Last week, in the aftermath of the Floyd Mayweather/Manny Pacquiao fight and Mayweather’s banning of Rachel Nichols and Michelle Beadle from covering the fight, Ryan Glasspiegel posed a question on The Big Lead: Why Should Media Members Be Entitled to Free Admittance to Sporting Events?
Glasspiegel raised some very good questions about reporters’ need for access in covering events - primarily spectacles like last week’s fight.
What’s less clear is what so many outlets — and not just the ones whose reporters were denied access — had to gain from sending so many people to cover this boxing match
In my ideal dream world, the press conference credentialing process would be similar to the way it is now, but media members or their outlets would have to purchase tickets to the game at face value.
Why do media fetishize access-based coverage of these events? Is it the story, in and of itself? The networking opportunities, amongst each other as well as the myriad movers and shakers in attendance, that can enhance coverage down the road? The cachet of being an outlet that is there, akin to being a celebrity seen at the spectacle? Again, the point of this is not to criticize Michelle Beadle or Rachel Nichols, who were discriminated against for unfavorable reporting, but to question a status quo that feels progressively antiquated and at odds with the tenets of journalism.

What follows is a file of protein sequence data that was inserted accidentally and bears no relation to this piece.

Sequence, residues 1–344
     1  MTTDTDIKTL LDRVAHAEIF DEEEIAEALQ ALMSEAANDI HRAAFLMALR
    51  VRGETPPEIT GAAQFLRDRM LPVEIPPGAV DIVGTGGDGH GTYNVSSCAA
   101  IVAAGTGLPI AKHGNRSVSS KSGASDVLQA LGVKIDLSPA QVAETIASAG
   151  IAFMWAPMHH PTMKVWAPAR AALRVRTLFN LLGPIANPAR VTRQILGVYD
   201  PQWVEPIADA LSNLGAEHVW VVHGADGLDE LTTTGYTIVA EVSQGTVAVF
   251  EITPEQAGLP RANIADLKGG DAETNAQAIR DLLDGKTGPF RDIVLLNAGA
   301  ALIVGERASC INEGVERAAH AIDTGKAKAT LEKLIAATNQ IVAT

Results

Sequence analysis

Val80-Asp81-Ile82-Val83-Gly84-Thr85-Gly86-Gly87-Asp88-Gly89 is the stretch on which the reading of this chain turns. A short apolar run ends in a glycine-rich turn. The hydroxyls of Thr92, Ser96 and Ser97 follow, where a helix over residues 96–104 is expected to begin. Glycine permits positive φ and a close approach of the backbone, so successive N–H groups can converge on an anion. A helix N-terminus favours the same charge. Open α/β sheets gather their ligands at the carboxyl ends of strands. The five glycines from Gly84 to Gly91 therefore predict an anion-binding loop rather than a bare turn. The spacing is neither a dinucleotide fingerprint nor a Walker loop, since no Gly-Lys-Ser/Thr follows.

These are really good questions. I’ve raised similar ones here before. Sports departments shouldn’t be covering big games just for the sake of organizational ego.
Glasspiegel invited responses for why reporters should get free access, and he got some good responses. I’m a week late, but here are some thoughts:
- Access is important for two reasons. The first is so that reporters can do interviews. Asking questions is a core part of a reporters’ job. Just because some (or a lot, depending on your perspective) do so poorly doesn’t mean we should throw the baby out with the bathwater.
- More importantly, access is important so reporters can see and hear things for ourselves. To cover a game on TV (or webstream) is to cover a mediated experience. I only see what the director wants me to see, hear what the commentators want me to hear. I have no control to look around and report what I see. So what value do I bring to readers as a reporter and journalist if I’m just rewriting what we’re all seeing? My value as a reporter should be to give the reader what he or she doesn’t know yet or didn’t see.
- As far as paying for tickets, I don’t have a great answer other than it just feels wrong to me. But let me try: I feel that requiring media to pay for press-row access would lead to more restrictions on coverage - the same crap Mayweather tried to pull, only at a larger scale. Perceived as a team-friendly media market? Come cover games for free or super cheap. Starting to ask some difficult questions, or just not writing very positive stuff? The price just went up. I also feel like charging media outlets would mean coverage would be restricted only to media that can afford those seats. Smaller papers would be squeezed out of covering events, or coverage of more minor sports would be sacrificed in order to pay for pro coverage. It’s an important question - one we should ask more.